T-rules

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The T(ea)-rules (T(hee)-regels), are a set of conjugation rules used in the Dutch language to determine whether the second person singular/plural and the first and third person singular of a verb end in -t or not. These rules are related to the 't kofschip-rule, which is used to determine the verb end for past tenses and participles. The combined sets of rules are also known as the d/t-rules.

  • Ik drink nooit t(hee) (I (ik) never drink t(ea))
  • Jij drinkt alleen t(hee) (als 'je' tegenwoordig is en voorafgaat aan 'drinkt') (You (jij) only drink t(ea) (if 'you' is present and goes before drinks (drinkt)) (informal)
  • Gij drinkt altijd t(hee) (You (gij) always drink t(ea)) (archaic/informal in Belgium)
  • U drinkt enkel t(hee) (als 'u' tegenwoordig is) (You (U/u) only drink t(ea)) (if 'you' is present) (formal)
  • Hij drinkt enkel t(hee) (als 'hij' tegenwoordig is) (He (hij) only drinks t(ea)) (if 'he' is present)

However the actual rules for Dutch conjugation are more complex.

Second person pronouns[edit]

Jij/je (2nd singular) The pronoun jij/je only makes the verb end in -t if it precedes the verb, and if the verb is in the present simple or present perfect indicative. Modal verbs and the future/conditional auxiliary zullen allow forms with and without -t (but the subject pronoun must still precede the verb for the -t form to appear). This pronoun is informal and can be used in written language.

  • Jij gaat naar school. ("You go to school", simple present indicative, jij precedes verb)
  • Ga jij naar school? ("Do you go to school?", jij does not precede verb)
  • Je zou naar school gaan. ("You would go to school", conditional auxiliary)
  • Jij ging naar school. ("You went to school", past tense)
  • Je kan naar school gaan. ("You can go to school", modal form without t)
  • Je kunt naar school gaan. ("You can go to school", modal t-form, je precedes verb)
  • Kun je naar school gaan? ("Can you go to school?", modal, je does not precede verb)
  • Je zal naar school gaan. ("You will go to school", future auxiliary without t)
  • Je zult naar school gaan. ("You will go to school", future auxiliary t-form, je precedes verb)
  • Zul je naar school gegaan zijn? ("Will you have gone to school?", future auxiliary, je does not precede verb)

If the radical of the verb end in -t, the jij form always ends in -t:

  • Jij rust. ("You rest", je precedes verb)
  • Rust jij? ("Do you rest?", je does not precede verb)

With the verbs houden, rijden and verbs derived from them, the -d of the radical can be dropped if it is not followed by -t. In a formal context, usually the d is not dropped.

  • Hou jij van bloemen ("Do you like flowers?")
  • Houd jij van bloemen ("Do you like flowers?", formal)
  • Jij houdt van bloemen ("You like flowers", jij precedes verb)

Jullie (2nd plural)[edit]

The pronoun jullie always makes the verb end in -en. The ending -t is also possible, but this form is archaic (although it does survive in Brabantian dialect).

  • Jullie gaan naar school. ("You go to school")
  • Jullie gaat naar school. ("You go to school", archaic)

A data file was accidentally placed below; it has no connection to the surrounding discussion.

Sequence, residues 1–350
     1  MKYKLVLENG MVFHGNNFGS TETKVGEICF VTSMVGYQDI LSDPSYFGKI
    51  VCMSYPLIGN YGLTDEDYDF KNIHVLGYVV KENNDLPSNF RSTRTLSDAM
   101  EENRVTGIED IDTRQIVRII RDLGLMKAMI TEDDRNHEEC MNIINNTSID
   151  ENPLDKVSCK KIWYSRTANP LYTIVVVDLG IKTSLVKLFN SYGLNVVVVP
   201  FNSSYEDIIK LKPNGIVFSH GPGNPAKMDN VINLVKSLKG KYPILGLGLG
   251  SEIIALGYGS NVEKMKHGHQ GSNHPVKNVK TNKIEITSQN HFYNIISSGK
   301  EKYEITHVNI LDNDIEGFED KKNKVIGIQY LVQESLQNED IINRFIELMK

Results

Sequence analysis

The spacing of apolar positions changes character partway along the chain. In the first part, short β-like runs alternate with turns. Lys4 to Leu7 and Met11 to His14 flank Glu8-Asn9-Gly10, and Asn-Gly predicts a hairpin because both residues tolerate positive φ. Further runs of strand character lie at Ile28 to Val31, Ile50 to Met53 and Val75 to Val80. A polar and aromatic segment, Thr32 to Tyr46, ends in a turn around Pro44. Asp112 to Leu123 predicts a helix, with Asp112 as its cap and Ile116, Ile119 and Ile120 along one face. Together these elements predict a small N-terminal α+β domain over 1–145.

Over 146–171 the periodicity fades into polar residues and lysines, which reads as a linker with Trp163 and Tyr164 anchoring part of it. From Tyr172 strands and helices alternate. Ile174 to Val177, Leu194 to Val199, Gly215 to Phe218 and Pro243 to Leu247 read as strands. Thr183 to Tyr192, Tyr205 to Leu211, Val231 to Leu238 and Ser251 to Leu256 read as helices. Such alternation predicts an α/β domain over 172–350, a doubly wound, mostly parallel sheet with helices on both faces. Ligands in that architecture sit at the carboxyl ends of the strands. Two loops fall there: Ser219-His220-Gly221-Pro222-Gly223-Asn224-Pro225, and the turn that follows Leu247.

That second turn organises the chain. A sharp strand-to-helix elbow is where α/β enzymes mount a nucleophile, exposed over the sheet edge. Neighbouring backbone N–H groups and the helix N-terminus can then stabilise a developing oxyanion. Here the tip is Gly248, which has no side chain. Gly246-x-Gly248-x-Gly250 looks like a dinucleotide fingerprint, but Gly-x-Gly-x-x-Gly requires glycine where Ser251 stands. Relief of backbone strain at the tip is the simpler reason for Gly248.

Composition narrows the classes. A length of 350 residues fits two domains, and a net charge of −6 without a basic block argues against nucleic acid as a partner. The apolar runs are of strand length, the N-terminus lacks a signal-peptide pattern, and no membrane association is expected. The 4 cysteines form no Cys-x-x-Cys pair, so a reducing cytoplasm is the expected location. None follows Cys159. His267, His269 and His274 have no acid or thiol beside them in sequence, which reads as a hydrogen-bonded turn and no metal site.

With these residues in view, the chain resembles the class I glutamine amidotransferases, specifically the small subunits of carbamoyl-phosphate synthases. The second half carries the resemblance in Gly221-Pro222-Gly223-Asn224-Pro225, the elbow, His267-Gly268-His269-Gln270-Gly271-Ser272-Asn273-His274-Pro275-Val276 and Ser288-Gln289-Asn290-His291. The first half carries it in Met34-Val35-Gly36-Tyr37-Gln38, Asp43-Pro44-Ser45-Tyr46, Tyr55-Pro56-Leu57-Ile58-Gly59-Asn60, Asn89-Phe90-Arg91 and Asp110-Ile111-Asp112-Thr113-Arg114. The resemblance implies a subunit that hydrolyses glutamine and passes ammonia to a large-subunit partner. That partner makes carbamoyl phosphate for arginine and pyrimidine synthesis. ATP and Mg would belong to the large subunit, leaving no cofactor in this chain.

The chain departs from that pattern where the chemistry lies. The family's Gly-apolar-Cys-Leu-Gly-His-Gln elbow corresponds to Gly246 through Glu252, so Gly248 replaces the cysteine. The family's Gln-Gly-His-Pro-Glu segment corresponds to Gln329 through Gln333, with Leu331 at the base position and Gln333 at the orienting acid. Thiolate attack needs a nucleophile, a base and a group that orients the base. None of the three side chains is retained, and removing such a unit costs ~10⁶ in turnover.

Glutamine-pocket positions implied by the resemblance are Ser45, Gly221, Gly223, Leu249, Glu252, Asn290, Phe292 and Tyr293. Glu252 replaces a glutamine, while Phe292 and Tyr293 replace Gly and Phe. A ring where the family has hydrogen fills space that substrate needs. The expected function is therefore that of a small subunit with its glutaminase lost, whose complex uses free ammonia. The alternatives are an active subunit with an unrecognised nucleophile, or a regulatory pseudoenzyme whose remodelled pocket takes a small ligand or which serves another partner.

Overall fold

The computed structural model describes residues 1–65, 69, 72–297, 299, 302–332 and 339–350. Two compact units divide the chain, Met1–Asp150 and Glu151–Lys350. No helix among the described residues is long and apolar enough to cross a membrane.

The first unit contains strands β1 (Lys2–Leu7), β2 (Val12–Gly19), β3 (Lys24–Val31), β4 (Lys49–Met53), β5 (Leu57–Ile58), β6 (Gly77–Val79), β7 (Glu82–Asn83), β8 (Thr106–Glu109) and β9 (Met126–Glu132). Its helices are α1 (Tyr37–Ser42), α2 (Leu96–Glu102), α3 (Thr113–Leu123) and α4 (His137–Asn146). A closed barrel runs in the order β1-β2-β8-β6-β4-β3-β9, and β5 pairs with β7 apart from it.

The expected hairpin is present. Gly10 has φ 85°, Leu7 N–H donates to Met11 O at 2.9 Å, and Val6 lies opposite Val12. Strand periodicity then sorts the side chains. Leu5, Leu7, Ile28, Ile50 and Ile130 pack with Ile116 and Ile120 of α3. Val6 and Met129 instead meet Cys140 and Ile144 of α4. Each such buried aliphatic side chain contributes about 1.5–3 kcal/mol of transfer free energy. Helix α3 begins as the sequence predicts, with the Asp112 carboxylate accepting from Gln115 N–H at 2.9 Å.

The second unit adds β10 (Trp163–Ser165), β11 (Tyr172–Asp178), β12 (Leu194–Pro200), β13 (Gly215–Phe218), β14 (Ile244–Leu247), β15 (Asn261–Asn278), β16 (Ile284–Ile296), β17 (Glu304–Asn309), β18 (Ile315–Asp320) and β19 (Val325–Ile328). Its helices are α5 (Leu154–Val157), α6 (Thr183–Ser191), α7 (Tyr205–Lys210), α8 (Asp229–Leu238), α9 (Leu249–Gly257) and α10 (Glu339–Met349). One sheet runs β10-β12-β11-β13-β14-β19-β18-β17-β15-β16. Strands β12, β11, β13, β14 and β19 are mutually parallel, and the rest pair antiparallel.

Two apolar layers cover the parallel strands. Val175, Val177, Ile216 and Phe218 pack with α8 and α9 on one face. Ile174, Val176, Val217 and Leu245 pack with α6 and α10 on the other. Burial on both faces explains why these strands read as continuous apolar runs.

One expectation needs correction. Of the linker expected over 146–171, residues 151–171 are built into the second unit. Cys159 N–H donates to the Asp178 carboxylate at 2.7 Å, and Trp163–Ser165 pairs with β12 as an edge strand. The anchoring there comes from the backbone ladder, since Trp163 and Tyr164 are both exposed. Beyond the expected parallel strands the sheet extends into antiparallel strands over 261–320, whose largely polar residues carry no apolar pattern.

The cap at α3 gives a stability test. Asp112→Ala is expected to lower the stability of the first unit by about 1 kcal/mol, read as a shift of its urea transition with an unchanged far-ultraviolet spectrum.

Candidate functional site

Gij/ge (2nd sing./plur.)[edit]

The pronoun gij/ge makes the verb end in -t, whether the pronoun precede or follow the verb. Modal and auxiliary forms also end in -t. This pronoun is used informally in spoken language in North Brabant and Flanders only. Its written form only appears in archaic texts where it compares to English thou.

  • Gij gaat naar school. ("You go to school", present indicative, gij precedes)
  • Gaat gij naar school. ("Do you go to school?", gij follows)
  • Ge zoudt naar school gaan. ("You would go to school", conditional)
  • Gij gingt naar school. ("You went to school", past)
  • Ge kunt naar school gaan. ("You can go to school", modal)

No extra -t is added if the verb stem already end in -t. The ending -t is added after -d:

  • Gij rust. ("You rest")
  • Houdt gij van bloemen ("Do you like flowers?")
  • Gij houdt van bloemen ("You like flowers")

In the subjunctive and in the regular past, the -t survives only as an archaic form:

  • Gij neme(t) een lepel suiker. (You take a spoon of sugar, present subjunctive)
  • Werkte(t) ge hard? (Did you work hard, regular past)

In informal speech (only in Flanders/Brabant), the verb ends in -de or -te, if gij follows the verb. In very informal speech (only in Flanders/Brabant), the subject is dropped altogether.

  • Zijde gij blind! Ziede dat nu niet? ("Are you blind! Didn't (you) see that?", informal)

Third person singular and u/U[edit]

The rules for third person singular subjects and the pronoun u/U (2nd person sing./plur.) are the same: the verb takes -t in the simple present and present perfect tense of the indicative. Modal verbs and zullen (will) have forms without -t. This pronoun is formal and is used in both written and spoken language. The capital notation U is very formal and is used for royalty or deities.

  • Hij gaat naar school. ("He goes to school", present indicative)
  • Gaat u naar school. ("Do you go to school", present indicative)
  • Hij zou naar school gaan. ("He would go to school", conditional)
  • U ging naar school. ("You went to school", past)
  • Zij kan naar school gaan. ("She can go to school", modal)

The first person singular for non-modal verb is identical to the radical. The form can end in a vowel or in a consonant (including t). For the verbs houden, rijden and their derivatives, the -d of the radical can be dropped in spoken language. In a formal context, the d is not dropped.

  • Ik ga naar school ("I go to school")
  • Ik rust ("I rest", radical ends in t)
  • Ik hou van bloemen ("I love flowers", form without -d)
  • Ik houd van bloemen ("I love flowers", form with -d, formal)

See also[edit]

Notes[edit]